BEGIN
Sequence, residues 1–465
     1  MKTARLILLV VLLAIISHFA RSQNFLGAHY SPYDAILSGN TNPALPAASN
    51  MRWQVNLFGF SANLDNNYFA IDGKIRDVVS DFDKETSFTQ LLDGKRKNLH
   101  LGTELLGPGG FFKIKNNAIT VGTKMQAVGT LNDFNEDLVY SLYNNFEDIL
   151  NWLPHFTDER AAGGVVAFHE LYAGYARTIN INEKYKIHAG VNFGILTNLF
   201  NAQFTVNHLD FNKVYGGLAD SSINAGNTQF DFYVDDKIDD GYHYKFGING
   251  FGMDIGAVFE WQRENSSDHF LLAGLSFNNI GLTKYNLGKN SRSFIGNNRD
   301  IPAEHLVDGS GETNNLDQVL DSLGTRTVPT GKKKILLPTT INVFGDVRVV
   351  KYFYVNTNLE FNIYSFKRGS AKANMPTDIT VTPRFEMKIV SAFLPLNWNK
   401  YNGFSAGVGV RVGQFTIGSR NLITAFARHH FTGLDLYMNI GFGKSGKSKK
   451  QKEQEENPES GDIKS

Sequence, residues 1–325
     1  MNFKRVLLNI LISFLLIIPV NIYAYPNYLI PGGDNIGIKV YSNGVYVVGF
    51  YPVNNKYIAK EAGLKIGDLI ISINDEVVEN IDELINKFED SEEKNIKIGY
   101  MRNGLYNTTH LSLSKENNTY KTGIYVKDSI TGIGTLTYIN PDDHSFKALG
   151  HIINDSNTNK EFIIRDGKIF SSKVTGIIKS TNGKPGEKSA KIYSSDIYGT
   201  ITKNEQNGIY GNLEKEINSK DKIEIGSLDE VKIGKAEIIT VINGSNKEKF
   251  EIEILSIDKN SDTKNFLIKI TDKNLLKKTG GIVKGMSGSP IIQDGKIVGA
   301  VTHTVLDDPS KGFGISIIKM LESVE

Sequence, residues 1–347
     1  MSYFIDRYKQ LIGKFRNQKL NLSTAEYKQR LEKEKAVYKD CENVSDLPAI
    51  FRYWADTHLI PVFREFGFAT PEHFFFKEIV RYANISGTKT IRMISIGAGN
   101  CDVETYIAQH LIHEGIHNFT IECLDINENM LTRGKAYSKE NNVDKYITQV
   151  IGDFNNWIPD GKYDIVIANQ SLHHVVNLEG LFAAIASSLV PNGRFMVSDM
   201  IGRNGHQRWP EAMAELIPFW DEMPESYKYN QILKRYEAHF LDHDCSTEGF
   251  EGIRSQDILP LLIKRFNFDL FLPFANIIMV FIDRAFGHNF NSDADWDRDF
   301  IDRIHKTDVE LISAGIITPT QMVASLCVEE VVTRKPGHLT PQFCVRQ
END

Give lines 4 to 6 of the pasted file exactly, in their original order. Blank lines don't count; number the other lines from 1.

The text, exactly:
   101  LGTELLGPGG FFKIKNNAIT VGTKMQAVGT LNDFNEDLVY SLYNNFEDIL
   151  NWLPHFTDER AAGGVVAFHE LYAGYARTIN INEKYKIHAG VNFGILTNLF
   201  NAQFTVNHLD FNKVYGGLAD SSINAGNTQF DFYVDDKIDD GYHYKFGING